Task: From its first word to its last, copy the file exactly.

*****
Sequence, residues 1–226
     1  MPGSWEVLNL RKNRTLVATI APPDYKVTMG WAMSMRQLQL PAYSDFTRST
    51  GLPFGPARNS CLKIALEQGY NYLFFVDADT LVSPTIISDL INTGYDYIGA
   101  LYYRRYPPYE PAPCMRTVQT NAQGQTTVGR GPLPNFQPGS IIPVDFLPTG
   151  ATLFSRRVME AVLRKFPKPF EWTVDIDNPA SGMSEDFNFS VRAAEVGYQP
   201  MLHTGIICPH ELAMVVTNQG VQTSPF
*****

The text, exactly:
Sequence, residues 1–226
     1  MPGSWEVLNL RKNRTLVATI APPDYKVTMG WAMSMRQLQL PAYSDFTRST
    51  GLPFGPARNS CLKIALEQGY NYLFFVDADT LVSPTIISDL INTGYDYIGA
   101  LYYRRYPPYE PAPCMRTVQT NAQGQTTVGR GPLPNFQPGS IIPVDFLPTG
   151  ATLFSRRVME AVLRKFPKPF EWTVDIDNPA SGMSEDFNFS VRAAEVGYQP
   201  MLHTGIICPH ELAMVVTNQG VQTSPF